If China were to hold half of the world’s wheat, how much of it would be readily available for the world market? Not much. And how much wheat would they import? Again, not much at a couple of million tonnes, and nowhere near Indonesia’s interest in both high protein wheat and low protein wheat. So it’s not super relevant to the world (much is the case in terms of China’s impact on the corn market, at least for now…we know that China’s ethanol mandate is coming).

Conversely, ABARES is forecasting that the stocks-to-use ratio of major wheat exporters will start to decline over the next three years or so. I would agree with this, as wheat production should pull back a bit thanks to the lower prices. Higher domestic consumption in markets Southeast Asia and MENA (the Middle East & North Africa) will also support slightly stronger demand.

Specifically, ABARES is forecasting the stocks-to-use ratio of the major players – America, Canada, the EU, Russia, Ukraine, Kazakhstan, Australia, and Argentina – to fall to 15% by 2019/20 (that’s next crop year for those who haven’t had coffee yet).

Soybean Expectations for Thursday’s WASDE

In the Grain Markets Today link above, Garrett walked through some of the estimates that the market is thinking about for this Thursday’s WASDE report. I’ll get into all the estimates in tomorrow’s Breakfast Brief, but the key one to note is South American soybean production.

In February’s WASDE report, the USDA said that this year’s Argentine soybean come in at 54 million tonnes, a 2 million tonne from January. For Brazil, the USDA pegged the soybean crop there at 112 million tonnes, up 2 million tonnes. The market reacted rather quietly as it was a “production wash,” with Brazilian gains and Argentine losses offsetting one another.

A lot has happened in the past month (as discussed in our February recap of grain prices), so the market holds many different expectations. Specifically, the average guesstimate of analysts is for Argentine soybean production in the March WASDE is 48.5million tonnes. For Brazil, the pre-WASDE average soybean production guesstimate is for 113.8 million tonnes.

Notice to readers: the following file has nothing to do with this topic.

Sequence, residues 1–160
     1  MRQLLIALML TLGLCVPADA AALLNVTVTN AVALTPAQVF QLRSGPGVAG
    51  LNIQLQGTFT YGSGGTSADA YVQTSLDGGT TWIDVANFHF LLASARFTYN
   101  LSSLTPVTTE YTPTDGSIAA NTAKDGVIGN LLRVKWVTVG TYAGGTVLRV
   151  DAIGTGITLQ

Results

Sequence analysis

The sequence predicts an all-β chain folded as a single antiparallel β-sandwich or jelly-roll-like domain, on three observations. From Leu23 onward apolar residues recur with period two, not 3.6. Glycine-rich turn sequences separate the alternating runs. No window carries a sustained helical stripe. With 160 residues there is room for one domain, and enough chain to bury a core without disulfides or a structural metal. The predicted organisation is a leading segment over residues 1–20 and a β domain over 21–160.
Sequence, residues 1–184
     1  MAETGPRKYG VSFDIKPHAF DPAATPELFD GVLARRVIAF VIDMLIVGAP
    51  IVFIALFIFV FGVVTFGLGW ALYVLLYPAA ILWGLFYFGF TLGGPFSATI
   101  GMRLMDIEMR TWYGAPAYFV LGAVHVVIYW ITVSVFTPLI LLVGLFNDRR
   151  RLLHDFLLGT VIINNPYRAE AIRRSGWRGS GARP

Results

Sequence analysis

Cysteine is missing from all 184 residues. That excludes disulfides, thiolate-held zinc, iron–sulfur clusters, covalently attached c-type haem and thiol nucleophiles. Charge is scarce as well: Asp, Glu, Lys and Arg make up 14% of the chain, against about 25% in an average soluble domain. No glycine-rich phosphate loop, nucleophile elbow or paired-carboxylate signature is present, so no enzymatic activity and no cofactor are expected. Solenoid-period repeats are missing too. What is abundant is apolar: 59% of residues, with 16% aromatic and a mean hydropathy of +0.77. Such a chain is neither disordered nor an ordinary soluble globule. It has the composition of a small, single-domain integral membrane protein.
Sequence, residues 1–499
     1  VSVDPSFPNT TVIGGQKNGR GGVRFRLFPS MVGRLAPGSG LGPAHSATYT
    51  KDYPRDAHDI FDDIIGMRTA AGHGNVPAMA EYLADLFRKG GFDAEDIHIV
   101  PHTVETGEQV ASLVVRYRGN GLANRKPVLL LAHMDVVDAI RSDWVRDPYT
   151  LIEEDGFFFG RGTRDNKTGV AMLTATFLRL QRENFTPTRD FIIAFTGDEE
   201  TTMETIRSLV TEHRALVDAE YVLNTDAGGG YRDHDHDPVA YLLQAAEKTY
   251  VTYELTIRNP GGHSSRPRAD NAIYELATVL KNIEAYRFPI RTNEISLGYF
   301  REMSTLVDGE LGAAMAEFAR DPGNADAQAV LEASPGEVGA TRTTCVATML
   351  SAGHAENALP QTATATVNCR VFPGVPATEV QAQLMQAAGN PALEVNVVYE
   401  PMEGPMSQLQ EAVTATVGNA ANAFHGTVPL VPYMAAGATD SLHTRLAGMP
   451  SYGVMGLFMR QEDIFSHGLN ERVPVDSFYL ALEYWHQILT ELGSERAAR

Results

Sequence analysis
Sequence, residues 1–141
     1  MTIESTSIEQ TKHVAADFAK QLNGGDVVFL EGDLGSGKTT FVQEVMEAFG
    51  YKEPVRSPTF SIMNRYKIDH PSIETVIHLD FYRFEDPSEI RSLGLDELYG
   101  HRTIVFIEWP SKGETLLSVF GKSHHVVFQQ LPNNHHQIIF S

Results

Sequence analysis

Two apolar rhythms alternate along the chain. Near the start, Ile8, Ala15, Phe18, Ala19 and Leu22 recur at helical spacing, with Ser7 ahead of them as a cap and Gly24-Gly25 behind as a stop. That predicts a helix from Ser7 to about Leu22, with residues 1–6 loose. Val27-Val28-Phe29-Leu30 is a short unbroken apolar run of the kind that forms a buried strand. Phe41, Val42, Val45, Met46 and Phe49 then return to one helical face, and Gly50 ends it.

While both notable, the clear bullish factor is Argentina. A drop of 5.5 million tonnes month-over-month is certainly interesting. But is the market already pricing this in?

Over the weekend, Garrett looked at just how high soybean prices could go, specifically as it relates to where the USDA landed with their Argentine production estimate in Thursday’s WASDE. As there is a bit of a relationship, a view on where canola prices could go has also been presented.

We’ll know for sure on Thursday at noon EST when the March WASDE is released (just don’t hold your breath till then).

To growth,

Brennan Turner
President | CEO
TF: 1-855-332-7653
@FarmLead or @GrainCents on Twitter


At 7:05 AM CST in the North American futures markets (*not cash prices*):
(all prices in dollars per bushel unless otherwise indicated)
$1 USD = $1.2912
 CAD, $1 CAD = $0.7745 USD)

May Corn: -0.5 (-0.13%) to $3.868 USD or $4.994 CAD
May Soybeans: -2.5¢ (-0.23%) to $10.75 USD or $13.88 CAD
May Soybean Meal (per short ton): -$2.20 (-0.56%) to $390.80 USD or $504.597 CAD
May Soybean Oil (cents per lbs): +2.1¢ (+0.06%) at 32.42¢ USD or 41.86¢ CAD  
May Oats: -1.0¢ (-0.37%) to $2.68 USD or $3.46 CAD
May Wheat (Chicago): -6.3¢ (-1.23%) to $5.03 USD or $6.495 CAD
May Wheat (Kansas City): -6.8¢ (-1.24%) to $5.388 USD or $6.956 CAD
May Wheat (Minneapolis): -3.8¢ (-0.60%) to $6.205 USD or $8.012 CAD
May Canola: -$2.40 (-0.45%) to $11.977/bu / $528.10/MT CAD or $9.276/bu / $409.003/MT USD

COMMODITY TRADING INVOLVES RISK AND MAY NOT BE SUITABLE FOR ALL RECIPIENTS OF THIS POST. Neither the information presented, nor any opinions expressed, constitutes a solicitation for the purchase or sale of any commodities. The thoughts expressed in this email and basic data from which they are derived are believed to be reliable, but cannot be guaranteed due to uncertainty about future events and complexities surrounding commodity markets. Those acting on the information are responsible for their own actions.